• SoftBank’s Son to Pitch U.S. Investors Under Cloud of WeWork
    Bloomberg

    SoftBank’s Son to Pitch U.S. Investors Under Cloud of WeWork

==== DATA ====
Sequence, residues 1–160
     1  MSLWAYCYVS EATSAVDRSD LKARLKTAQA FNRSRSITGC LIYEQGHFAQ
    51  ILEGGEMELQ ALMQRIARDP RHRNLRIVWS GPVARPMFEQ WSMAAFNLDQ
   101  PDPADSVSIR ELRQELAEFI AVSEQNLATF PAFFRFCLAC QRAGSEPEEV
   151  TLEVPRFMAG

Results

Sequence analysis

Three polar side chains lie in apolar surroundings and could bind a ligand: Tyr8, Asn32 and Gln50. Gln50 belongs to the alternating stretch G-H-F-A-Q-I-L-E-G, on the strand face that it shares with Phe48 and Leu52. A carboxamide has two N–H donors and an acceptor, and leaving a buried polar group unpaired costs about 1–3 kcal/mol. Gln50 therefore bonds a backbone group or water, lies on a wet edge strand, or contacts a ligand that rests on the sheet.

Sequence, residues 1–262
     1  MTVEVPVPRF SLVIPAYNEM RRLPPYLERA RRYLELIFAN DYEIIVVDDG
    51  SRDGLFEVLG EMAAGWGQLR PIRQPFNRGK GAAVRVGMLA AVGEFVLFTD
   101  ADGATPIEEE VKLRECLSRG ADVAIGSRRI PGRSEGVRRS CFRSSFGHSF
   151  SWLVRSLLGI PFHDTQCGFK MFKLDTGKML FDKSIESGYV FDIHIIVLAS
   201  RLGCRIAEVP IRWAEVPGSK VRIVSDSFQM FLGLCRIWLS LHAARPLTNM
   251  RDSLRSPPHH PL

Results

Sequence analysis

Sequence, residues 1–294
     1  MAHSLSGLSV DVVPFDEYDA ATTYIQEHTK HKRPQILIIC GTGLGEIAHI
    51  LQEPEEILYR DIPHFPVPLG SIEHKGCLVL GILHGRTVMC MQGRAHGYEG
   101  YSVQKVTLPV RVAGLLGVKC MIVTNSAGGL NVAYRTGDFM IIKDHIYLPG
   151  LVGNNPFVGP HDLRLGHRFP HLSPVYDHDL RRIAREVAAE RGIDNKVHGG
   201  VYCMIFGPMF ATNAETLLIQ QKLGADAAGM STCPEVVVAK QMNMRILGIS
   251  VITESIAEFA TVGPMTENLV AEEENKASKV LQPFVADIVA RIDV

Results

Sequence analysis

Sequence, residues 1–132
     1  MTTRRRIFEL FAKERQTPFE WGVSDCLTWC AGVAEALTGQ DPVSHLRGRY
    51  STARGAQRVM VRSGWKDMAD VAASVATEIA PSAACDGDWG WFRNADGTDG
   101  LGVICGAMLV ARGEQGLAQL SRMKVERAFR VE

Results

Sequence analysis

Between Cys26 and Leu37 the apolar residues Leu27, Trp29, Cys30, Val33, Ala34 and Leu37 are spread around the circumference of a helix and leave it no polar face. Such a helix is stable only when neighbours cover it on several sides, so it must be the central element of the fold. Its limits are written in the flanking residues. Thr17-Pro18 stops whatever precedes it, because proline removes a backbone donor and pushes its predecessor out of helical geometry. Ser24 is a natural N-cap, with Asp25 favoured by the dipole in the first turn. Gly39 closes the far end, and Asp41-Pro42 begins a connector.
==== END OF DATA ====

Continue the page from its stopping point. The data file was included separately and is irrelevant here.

(Bloomberg) -- Masayoshi Son will head to New York next month for the first time since the implosion of WeWork, seeking to persuade hedge funds and institutional investors that the fortunes of SoftBank Group Corp. have turned since the disastrous investment.The Japanese billionaire is scheduled to address investors on March 2. There, he could point to the approved sale of Sprint Corp., a rally in Uber Technologies Inc. shares and Elliott Management Corp.’s purchase of SoftBank stock as signs of progress at his company, said people familiar with the plans. It’s unclear where WeWork will fit into the agenda.Within SoftBank, there’s disagreement about how to convey the company’s strategy. Son, 62, is known for his eccentric financial presentations, which have included a “hypothetical illustration” of WeWork profitability and stock photos of ocean waves and calm waters. One memorable slide from 2014 contained only a drawing of a goose and the words: “SoftBank = Goose.” Many staff at headquarters in Tokyo love the founder’s showmanship, but some senior executives are exasperated and argue a clearer and more sober message is needed, said people familiar with internal discussions who asked not to be identified because the matter is private.Ultimately, Son will decide. He has downplayed any pressure from Elliott, a New York-based activist investor that disclosed a nearly $3 billion stake in SoftBank this month. Son called Elliott an “important partner” and said he’s in broad agreement with the investor’s arguments for buybacks and increasing the stock price. Son has signaled less receptiveness to Elliott’s other suggestions: selling more of the stake in Alibaba Group Holding Ltd. and reining in the Vision Fund, a $100 billion investment vehicle that accounted for more than $10 billion of losses in the past two quarters.In private meetings with SoftBank, Elliott raised issues over the clarity of SoftBank’s strategy, people familiar with the talks said. SoftBank is planning to make hires within its investor relations department to help shape the message to shareholders. SoftBank declined to comment. A spokesperson for Elliott declined to comment.“Right now, serious heat is being applied on Son,” said Justin Tang, head of Asian research at United First Partners in Singapore. “Son has to be seen actually doing something.”Son’s heading into the meeting with one win under his belt: T-Mobile US Inc. and Sprint have agreed to new terms for their pending merger, a key step toward completing a transaction that will unload the loss-making carrier and unlock new capital for SoftBank. Its shares rose as much as 3.3% in Tokyo Friday.T-Mobile, Sprint Renew Deal as Merger Clears Regulatory HurdlesAlthough next month’s event was scheduled before Elliott disclosed its stake and is not designed to specifically address the activist investor’s involvement, it will be a focus for attendees, said people familiar with the preparations. Executives are bracing for questions about Elliott’s intentions and how far the shareholder will go to boost the stock’s value.Goldman Sachs Group Inc. is organizing the March event, the people said. The firm, which helped Japan’s Sony Corp. and Toshiba Corp. in their dealings with activist investors, is vying for the job of advising SoftBank on Elliott, said a different person said. However, SoftBank is likely to manage the relationship in-house, another person said. The job may fall to Marcelo Claure, the chief operating officer who’s helping oversee the WeWork debacle; Katsunori Sago, the chief strategy officer and a former Goldman Sachs executive; or Ron Fisher, a director and trusted adviser to Son. A Goldman representative declined to comment on SoftBank.Dogs and PizzaSoftBank is recovering from a series of stumbles in recent months. WeWork’s plan to go public last year imploded, forcing SoftBank to arrange a rescue financing of $9.5 billion in October. Uber, despite a two-month surge, is still trading about 10% below last year’s offering price. The Vision Fund has suffered other high-profile setbacks, including investments in failed online retailer Brandless Inc., dog-walking app Wag Labs Inc. and pizza robot company Zume Pizza Inc.Elliott has said it took the stake in SoftBank because the Japanese company’s shares are woefully undervalued compared with its assets. Son himself has been pleading the case with increasing frequency. SoftBank’s own sum-of-parts calculation puts its total value at 12,300 yen a share ($111). That’s more than double SoftBank’s actual share price, which values the company at about $104 billion. Elliott has pegged SoftBank’s net asset value at about $230 billion, people familiar with the discussions have said.The disconnect between what SoftBank and Elliott say the company is worth and the market value can be explained by several quirks of how the business is run, according to a report from Pierre Ferragu, an analyst at New Street Research. Many shareholders would like the company to return more capital and improve its governance, he wrote. Risks associated with the Vision Fund and a lack of details about tax liabilities associated with cashing out its investments are other factors.SoftBank recognized the need for more oversight as early as 2018, when it charged Claure with a broad review of operations across SoftBank companies. Claure, the former head of Sprint, spent months assembling a team of about 40 executives. In the end, he was forced to cede control of the so-called SoftBank Operating Group to the man it was supposed to be overseeing: Rajeev Misra, the head of the Vision Fund.Elliott wants SoftBank to set up a special committee to review investment processes at the Vision Fund. Elliott argues the fund has dragged down the share price despite making up a small portion of assets under management, said people familiar with the discussions.Some at SoftBank are resistant to the idea of an oversight committee. Instead, SoftBank is seeking to resolve issues at the Vision Fund with new governance standards for the companies it invests in. The new rules will encompass how the fund approaches the composition of the board of directors, founder and management rights, rights of shareholders, and mitigation of potential conflicts of interest.Son has conceded that missteps with the original fund is making it difficult to raise money for a successor. He said last week that SoftBank may need to invest in startups using solely its own capital for a year or two.‘Black Swan’Elliott is also calling for a buyback of as much as $20 billion. A repurchase of that scale could boost SoftBank’s shares by 40%, Ferragu estimated. SoftBank’s last share repurchase was announced about a year ago, a record 600 billion yen. It sparked a rally that pushed the stock to its highest price in about two decades.Selling Alibaba shares to pay for a buyback, as Elliott has proposed, could be a point of contention with Son. In the past, Son has used the shares as collateral to borrow money for big acquisitions, including the $32 billion purchase of chip designer ARM Holdings. Son said last week during a quarterly financial briefing that he’d prefer to sell as little as possible and that there’s “no rush” to do so.SoftBank said on Wednesday it plans to borrow as much as $4.5 billion against shares of its Japanese telecom unit. The company, which had 3.8 trillion yen of cash and equivalents at the end of December, said it was raising capital for operations. SoftBank’s debt load exceeds $120 billion.Son’s reliance on debt is raising alarms, said Tang, the financial analyst. “He’s going to get wiped out if there is some black swan event,” Tang said. “SoftBank needs to de-leverage, and the best way to do it is to sell the Alibaba stake.”Elliott has a tradition of using strong-arm tactics to get its way with target companies, but there’s little chance of that happening with SoftBank. Elliott’s stake enables it to call an emergency shareholder meeting, but pushing through a proposal without the founder’s backing is a long shot. Son, who often goes by the nickname Masa, controls more than a quarter of SoftBank stock through various vehicles, and the company bylaws require two-thirds of votes to pass any proposal made through the board, according to a person with knowledge of the rules.“Unless everyone is against him,” said Tang, “it’s not possible to dislodge Masa.”(Updates with share action in the seventh paragraph)\--With assistance from Scott Deveau.To contact the reporters on this story: Pavel Alpeyev in Tokyo at palpeyev@bloomberg.net;Giles Turner in London at gturner35@bloomberg.net;Takahiko Hyuga in Tokyo at thyuga@bloomberg.netTo contact the editors responsible for this story: Peter Elstrom at pelstrom@bloomberg.net, Mark Milian, Colum MurphyFor more articles like this, please visit us at bloomberg.comSubscribe now to stay ahead with the most trusted business news source.©2020 Bloomberg L.P.